In order to avoid too much contact with Americans he lives in this little cabin out in the middle of nowhere and does his consulting over the internet.  There was an amusing incident last year when he got arrested as a suspected terrorist after a failed experiment exploded.  (I warned him about those sunglasses and hooded sweatshirts.)  He got off because technically he’s a super, although the only power I’d ever seen him exhibit was an amazing ability to narrowly escape being blown up every week or so.

There’s no road to Eb’s place that will handle my rig, so I parked it down at the old Boy Scout campground and hiked instead.  It’s only about three miles and sometimes it’s nice to stretch your legs a bit, so I didn’t mind.

The cabin was dark when I arrived and the door was locked, but there was usually a key under the porch unless it’d been stolen by raccoons again, so after grubbing around in the leaves for a while I climbed up the stairs to let myself in.  I grabbed a Coke out of his fridge and went into the living room to sit down, where I encountered the naked man.

Ever see Michelangelo’s David?  This was that guy.  He looks better in real life.  He was lying sprawled on a divan covered with leopard skins, a piece of furniture I was pretty sure Eb had never even thought about owning, and tossing what looked like a shot-put idly from hand to hand.

“So who are you?” I asked.  “New roommate?”

He snatched the round stone out of the air and lazily raised himself on his elbows to look at me.  “Heed, Human, you hail Herthagon, Games-Hero, anointed by Hera, speak thus immoderately and lose thy head.”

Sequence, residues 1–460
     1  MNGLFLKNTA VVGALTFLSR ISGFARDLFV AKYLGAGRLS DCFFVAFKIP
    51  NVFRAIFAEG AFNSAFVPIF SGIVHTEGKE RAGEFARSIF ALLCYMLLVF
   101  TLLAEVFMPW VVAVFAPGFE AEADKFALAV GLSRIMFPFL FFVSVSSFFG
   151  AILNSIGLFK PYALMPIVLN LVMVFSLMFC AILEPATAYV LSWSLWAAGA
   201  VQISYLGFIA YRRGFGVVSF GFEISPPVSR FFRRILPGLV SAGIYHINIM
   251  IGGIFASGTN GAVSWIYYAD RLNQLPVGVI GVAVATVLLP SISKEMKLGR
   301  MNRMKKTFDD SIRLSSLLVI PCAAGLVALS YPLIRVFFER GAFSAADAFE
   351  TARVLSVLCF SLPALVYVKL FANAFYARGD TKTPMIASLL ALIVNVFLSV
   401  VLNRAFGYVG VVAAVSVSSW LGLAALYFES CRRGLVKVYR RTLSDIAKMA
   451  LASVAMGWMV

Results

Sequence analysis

I scowled, but sometimes you just have to be diplomatic however much you might prefer otherwise.  “As we are both guests in this house of Brome, if Herthagon finds my speech offensive, he might convey me to our mutual host so I might conclude my business and remove myself from his presence.”

“Well, I don’t know, what’s the magic word?”

I blinked.  “Please?”

He chuckled.  “You are acquainted with Mr. Brome, I take it?”

“He’s my lawyer.”

Herthagon shook his head sadly.  “I fear you may wish to obtain another; he has offended lovely Aphrodite and must face me tomorrow upon the field of battle.”

“Really?  What did he do?”

“I know not, I was in California until called here to act as Champion.  Knowing Aphrodite, he may simply have sneezed at the wrong time.”

He shrugged elegantly.  “He could have apologized.  If you wish you may act as his champion, but you must first pass several trials.”

“Like what?”

“I am not permitted to say.”

Ah, hell.  Eb’s not really a great friend, but you can’t just leave people to get killed because some pagan goddess is ticked at them without at least making an effort.

“All right, all right.  Bring on the trials.”